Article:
- Explores historical writing and historiography as the centre of global interactions in the age of exploration
- Discloses the essential features of the global Renaissance
- Considers the unexpected and fascinating paths followed by information and communication across localities, languages, and genres in the early modern world
The age of exploration exposed the limits of available universal histories. Everyday interactions with cultures and societies across the globe brought to light a multiplicity of pasts which proved difficult to reconcile with an emerging sense of unity in the world. Among the first to address the questions posed by this challenge were a handful of Renaissance historians. On what basis could they narrate the history of hitherto unknown peoples? Why did the Bible and classical works say nothing about so many visible traces of ancient cultures? And how far was it possible to write histories of the world at a time of growing religious division in Europe and imperial rivalry around the world?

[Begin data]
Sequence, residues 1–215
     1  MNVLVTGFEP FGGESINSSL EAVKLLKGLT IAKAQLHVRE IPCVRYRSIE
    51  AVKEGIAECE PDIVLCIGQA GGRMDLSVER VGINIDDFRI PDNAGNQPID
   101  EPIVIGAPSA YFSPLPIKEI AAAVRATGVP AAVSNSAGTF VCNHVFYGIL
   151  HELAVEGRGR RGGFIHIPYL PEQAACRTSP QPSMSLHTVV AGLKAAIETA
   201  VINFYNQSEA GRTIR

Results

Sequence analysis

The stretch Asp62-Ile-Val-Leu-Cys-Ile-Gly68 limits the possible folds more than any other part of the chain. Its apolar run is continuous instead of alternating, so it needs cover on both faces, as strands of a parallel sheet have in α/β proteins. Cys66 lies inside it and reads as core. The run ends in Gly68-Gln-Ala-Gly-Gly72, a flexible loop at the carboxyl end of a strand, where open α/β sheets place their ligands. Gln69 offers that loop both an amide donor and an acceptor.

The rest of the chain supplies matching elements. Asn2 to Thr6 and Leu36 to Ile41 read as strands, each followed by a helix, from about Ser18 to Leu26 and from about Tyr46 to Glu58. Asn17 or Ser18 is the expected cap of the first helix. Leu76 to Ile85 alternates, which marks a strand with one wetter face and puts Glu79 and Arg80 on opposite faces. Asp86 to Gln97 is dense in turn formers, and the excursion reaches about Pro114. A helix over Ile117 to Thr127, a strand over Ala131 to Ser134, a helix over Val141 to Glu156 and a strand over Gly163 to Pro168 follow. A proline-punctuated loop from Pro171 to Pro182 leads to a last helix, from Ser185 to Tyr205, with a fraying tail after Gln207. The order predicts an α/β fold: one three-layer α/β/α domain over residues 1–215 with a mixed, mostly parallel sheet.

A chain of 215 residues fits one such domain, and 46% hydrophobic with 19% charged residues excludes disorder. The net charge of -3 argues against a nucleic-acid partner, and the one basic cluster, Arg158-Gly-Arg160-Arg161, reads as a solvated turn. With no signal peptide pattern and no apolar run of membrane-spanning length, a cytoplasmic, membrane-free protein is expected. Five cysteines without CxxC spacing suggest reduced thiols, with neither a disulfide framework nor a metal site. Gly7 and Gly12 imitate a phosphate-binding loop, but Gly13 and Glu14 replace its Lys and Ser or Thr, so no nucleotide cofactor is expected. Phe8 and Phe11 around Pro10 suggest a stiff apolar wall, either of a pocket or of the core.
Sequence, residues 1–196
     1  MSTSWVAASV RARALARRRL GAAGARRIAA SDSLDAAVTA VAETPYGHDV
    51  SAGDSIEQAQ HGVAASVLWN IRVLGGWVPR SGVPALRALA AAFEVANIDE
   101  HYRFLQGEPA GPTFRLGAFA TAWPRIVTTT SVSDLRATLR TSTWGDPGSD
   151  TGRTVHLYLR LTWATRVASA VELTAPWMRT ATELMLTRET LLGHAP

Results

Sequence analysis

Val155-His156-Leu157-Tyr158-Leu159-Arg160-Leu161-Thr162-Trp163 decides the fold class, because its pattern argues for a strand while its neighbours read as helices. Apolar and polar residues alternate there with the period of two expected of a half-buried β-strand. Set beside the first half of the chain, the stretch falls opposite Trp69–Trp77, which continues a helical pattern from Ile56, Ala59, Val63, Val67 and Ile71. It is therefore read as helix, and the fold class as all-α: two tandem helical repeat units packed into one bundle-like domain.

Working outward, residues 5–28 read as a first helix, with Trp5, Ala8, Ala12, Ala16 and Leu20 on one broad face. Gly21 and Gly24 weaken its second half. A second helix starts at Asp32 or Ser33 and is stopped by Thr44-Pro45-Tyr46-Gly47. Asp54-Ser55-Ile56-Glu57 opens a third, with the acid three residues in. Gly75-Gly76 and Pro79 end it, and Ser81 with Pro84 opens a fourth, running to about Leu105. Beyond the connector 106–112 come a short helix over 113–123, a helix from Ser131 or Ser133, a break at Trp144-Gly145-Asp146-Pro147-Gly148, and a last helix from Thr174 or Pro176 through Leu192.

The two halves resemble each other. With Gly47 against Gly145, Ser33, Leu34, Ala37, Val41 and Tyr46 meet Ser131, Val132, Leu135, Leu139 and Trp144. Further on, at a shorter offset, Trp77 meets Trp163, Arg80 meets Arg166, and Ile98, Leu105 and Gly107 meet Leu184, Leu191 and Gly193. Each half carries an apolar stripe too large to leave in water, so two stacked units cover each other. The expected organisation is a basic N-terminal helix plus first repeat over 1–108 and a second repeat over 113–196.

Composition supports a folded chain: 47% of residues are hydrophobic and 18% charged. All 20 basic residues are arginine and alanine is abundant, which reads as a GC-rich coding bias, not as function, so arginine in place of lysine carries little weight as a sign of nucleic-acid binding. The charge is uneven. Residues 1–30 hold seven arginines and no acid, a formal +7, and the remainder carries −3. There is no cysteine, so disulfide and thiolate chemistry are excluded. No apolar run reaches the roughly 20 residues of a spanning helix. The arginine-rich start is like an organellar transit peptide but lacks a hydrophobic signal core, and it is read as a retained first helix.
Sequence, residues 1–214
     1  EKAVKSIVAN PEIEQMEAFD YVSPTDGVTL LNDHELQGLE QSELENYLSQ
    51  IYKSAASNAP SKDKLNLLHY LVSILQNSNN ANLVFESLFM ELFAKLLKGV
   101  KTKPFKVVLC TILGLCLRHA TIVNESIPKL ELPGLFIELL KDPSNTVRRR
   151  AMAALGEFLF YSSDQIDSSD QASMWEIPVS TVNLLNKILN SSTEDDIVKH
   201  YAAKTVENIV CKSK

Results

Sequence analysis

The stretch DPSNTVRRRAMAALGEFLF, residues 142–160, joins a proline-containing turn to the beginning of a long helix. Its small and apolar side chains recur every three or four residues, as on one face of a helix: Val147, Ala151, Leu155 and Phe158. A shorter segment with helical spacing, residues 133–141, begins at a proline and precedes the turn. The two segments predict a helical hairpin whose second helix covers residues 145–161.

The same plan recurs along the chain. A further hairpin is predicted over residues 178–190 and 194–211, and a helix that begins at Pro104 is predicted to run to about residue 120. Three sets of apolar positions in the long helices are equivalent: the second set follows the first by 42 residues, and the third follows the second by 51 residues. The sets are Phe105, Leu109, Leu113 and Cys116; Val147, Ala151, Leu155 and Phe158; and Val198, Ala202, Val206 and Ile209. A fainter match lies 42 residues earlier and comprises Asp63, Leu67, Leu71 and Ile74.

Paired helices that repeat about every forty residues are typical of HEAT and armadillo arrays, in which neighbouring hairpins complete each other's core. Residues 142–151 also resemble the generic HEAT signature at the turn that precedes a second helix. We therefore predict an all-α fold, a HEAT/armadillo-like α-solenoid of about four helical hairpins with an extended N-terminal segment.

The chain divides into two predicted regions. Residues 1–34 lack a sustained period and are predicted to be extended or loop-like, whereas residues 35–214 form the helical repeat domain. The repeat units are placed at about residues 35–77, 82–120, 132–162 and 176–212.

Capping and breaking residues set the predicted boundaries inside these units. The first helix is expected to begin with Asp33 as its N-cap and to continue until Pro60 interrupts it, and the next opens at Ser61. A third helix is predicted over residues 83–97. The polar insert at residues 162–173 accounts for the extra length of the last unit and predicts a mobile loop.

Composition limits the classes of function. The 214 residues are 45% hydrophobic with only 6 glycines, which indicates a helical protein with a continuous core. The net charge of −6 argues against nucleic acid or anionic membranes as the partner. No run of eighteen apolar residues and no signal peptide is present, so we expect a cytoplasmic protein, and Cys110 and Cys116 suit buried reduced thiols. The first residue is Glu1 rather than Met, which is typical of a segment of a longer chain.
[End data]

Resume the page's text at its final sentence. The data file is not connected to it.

A study of the cross-fertilization of historical writing in the sixteenth and early seventeenth centuries, The Globe on Paper reconstructs a set of imaginative accounts worked out from Mexico to the Moluccas and Peru, and from the shops of Venetian printers to the rival courts of Spain and England. The pages of this book teem with humanists, librarians, missionaries, imperial officials, as well as forgers and indigenous chroniclers. Drawing on information gathered—or said to have been gathered—from eyewitness reports, interviews with local inhabitants, ancient codices, and material evidence, their global narratives testify to an unprecedented broadening of horizons which briefly flourished before succumbing to the forces of imperial and religious reaction.
Marcocci, G, The Globe on Paper, link to publisher website